• Method
    Name
    Size Time /
    Element (ns)
    Scaling Measurements
  • Method
    Name
    Size Max
    Depth
    # Partitions Avg.
    Small
    Sorts
    Size
    # Scalar
    Compares
    # Small
    Sort
    Compares

Surprisingly3, the unmanaged C# version is running slightly faster than Array.Sort, but with one caveat: it only outperforms the C++ version for large inputs. Otherwise, everything is as expected: The purely Scalar variant is just slow, and the Unamanged one mostly is on par with Array.Sort.
These C# implementations were written to verify that we can get to Array.Sort like performance in C#, and they do just that. Running 5% faster for some input sizes will not cut it for me; I want it much faster. Another important reason for re-implementing these basic versions is that we can now sprinkle statistics-collecting-code magic fairy dust4 on them so that we could now dig into some high-level sorting statistics that will assist us in deciphering and comparing future results and implementations. I’ve made this available in the Scalar Stats tab above, where we can see, per each N value (with some notes):

  • The maximal recursion depth.
    • Obviously, since the unmanaged version, like CoreCLR’s Array.Sort switches to InsertionSort for the last couple of recursion levels, the maximal depth is smaller.
  • The total number of partitioning operations performed.
    • Same as above, less recursion ⮚ less partitioning calls.
  • The average size of what I colloquially refer to as “small-sort” operations performed (e.g., InsertionSort for the Unmanaged variant).
    • The Scalar version obviously doesn’t have any of this, so it’s just 0.
    • For the Unmanaged version, we see a consistent value of 9.x: Given that we special case 1,2,3 in the code and 16 is the upper limit, 9.x seems like a reasonable result here.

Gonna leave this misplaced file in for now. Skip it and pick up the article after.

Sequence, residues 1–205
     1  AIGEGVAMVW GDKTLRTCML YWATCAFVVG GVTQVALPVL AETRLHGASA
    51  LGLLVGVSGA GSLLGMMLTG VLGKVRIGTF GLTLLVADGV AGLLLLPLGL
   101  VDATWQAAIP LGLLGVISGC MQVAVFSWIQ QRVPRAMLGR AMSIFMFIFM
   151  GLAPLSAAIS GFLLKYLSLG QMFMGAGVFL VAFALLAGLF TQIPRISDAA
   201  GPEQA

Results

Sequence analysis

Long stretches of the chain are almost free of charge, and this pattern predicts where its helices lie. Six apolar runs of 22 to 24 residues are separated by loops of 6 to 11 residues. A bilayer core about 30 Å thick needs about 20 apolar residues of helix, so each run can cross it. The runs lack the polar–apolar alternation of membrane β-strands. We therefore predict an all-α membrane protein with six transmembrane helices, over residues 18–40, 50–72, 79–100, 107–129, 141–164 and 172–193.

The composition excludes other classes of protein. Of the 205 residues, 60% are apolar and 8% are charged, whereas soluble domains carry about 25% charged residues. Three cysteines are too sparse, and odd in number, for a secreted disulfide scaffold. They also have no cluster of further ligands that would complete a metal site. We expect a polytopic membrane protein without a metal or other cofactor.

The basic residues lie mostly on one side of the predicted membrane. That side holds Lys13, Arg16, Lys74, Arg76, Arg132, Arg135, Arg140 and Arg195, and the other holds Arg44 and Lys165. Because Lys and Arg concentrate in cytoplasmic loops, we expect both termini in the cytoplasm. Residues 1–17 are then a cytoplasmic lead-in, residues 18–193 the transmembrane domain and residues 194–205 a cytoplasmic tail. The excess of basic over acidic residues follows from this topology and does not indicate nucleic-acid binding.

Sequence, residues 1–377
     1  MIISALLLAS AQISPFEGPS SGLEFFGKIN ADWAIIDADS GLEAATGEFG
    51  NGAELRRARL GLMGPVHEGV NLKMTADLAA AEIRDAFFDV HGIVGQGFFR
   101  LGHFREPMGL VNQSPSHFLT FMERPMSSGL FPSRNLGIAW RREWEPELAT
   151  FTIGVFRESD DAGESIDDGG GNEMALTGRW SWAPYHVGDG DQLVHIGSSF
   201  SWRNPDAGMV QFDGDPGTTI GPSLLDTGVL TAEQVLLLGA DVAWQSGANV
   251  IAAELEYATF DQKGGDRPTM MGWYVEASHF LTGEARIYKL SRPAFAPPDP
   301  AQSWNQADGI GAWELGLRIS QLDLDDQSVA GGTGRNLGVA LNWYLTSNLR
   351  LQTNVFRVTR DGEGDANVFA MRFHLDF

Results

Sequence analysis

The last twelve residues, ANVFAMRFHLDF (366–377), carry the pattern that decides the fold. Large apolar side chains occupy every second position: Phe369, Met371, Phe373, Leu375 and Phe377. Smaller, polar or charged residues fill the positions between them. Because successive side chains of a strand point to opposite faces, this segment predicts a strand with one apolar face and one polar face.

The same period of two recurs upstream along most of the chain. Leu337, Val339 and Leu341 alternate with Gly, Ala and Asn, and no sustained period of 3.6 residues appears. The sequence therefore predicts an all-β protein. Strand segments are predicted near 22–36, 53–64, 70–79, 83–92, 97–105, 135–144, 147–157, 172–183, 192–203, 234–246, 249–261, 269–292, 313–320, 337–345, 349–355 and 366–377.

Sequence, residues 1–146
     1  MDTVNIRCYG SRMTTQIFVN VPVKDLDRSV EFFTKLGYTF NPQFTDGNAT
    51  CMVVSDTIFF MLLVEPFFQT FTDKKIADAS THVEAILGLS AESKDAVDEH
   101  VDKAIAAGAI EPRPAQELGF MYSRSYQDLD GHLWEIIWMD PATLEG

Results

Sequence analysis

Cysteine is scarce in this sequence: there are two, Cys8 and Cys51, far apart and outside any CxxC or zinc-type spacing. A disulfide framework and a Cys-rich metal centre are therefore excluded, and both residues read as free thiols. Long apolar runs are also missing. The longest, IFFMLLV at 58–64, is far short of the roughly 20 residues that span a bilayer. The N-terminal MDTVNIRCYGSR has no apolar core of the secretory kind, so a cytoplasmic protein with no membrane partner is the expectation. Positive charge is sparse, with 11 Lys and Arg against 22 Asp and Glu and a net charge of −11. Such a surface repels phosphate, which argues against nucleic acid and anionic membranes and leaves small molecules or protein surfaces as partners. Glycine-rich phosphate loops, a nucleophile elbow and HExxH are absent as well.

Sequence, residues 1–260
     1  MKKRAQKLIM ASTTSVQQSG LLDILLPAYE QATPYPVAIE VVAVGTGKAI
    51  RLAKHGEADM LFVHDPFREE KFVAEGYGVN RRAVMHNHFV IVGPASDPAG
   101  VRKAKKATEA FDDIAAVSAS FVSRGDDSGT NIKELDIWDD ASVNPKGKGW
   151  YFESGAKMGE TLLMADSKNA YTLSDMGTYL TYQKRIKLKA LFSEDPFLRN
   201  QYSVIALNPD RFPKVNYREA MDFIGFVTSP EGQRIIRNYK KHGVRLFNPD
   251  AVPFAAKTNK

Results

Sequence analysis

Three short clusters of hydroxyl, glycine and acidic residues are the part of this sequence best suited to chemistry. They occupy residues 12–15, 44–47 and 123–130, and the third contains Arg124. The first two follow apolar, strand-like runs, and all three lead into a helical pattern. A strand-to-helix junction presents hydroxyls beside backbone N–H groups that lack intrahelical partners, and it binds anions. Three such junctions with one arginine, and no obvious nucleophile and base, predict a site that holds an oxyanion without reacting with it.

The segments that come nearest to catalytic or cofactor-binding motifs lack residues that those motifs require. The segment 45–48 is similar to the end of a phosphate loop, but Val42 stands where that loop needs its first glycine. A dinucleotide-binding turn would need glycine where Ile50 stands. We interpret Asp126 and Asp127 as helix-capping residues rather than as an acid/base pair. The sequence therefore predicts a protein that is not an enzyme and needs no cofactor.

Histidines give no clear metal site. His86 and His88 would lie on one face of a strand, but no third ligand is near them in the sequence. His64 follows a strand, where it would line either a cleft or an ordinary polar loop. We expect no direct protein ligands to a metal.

• The number of scalar comparison+branch operations that were data-dependent; This one is a bit hard to relate to at first, but it becomes apparent why this is a crucial number to track from 3rd post onwards. For now, we’ll simply define it: This statistic counts how many times our code did an if or a while or any other branch operation whose condition depended on unsorted user data!
  • The numbers boggle the mind, this is the first time we get to measure how much work is involved.
    • What’s even more surprising that for the Unmanged variant, the number is even higher (well only surprising if you don’t know anything about how InsertionSort works…) and yet this version seems to run faster… I have an entire post dedicated just to this part of the problem in this series, so let’s just make note of this for now, but already we see peculiar things
  • Finally, I’ve also included a statistic here that shows what percent of those scalar compares came from what small-sort operations. Again, this was 0% for the Scalar variant, but we can see that a large part of those compares are now coming from those last few levels of recursion that were converted to InsertionSort

Some of these statistics will remain pretty much the same for the rest of this series, regardless of what we do next in future versions, while others radically change; We’ll observe and make use of these as key inputs in helping us to figure out how/why something worked, or not!

All Warmed Up

We’ve spent quite some time polishing our foundations concerning QuickSort. I know lengthy introductions are somewhat dull, but I think time spent on this post will pays off when we next encounter our actual implementation in the 3rd post.

Before that, we need to pick up some knowledge that is specific to vectorized intrinsics and introduce a few select intrinsics we’ll be using, so, this is an excellent time to break off this post, grab a fresh cup of coffee and head to the next post.


  1. Which is increasingly taking more and more time to happen, due to Dennard scaling and the slow-down of Moore’s law… 

  2. Since CoreCLR 3.0 was release, a PR to provide a span based version of this has been recently merged into the 5.0 master branch, but I’ll ignore this for the time being as it doesn’t seem to matter in this context. 

  3. Believe it or not, I pretty much wrote every other version features in this series before I wrote the Unmanaged one, so I really was quite surprised that it ended up being slightly faster that Array.Sort 

  4. I have a special build configuration called Stats which compiles in a bunch of calls into various conditionally compiled functions that bump various counters, and finally, dump it all to json and it eventually makes it all the way into these posts (if you dig deep you can get the actual json files :)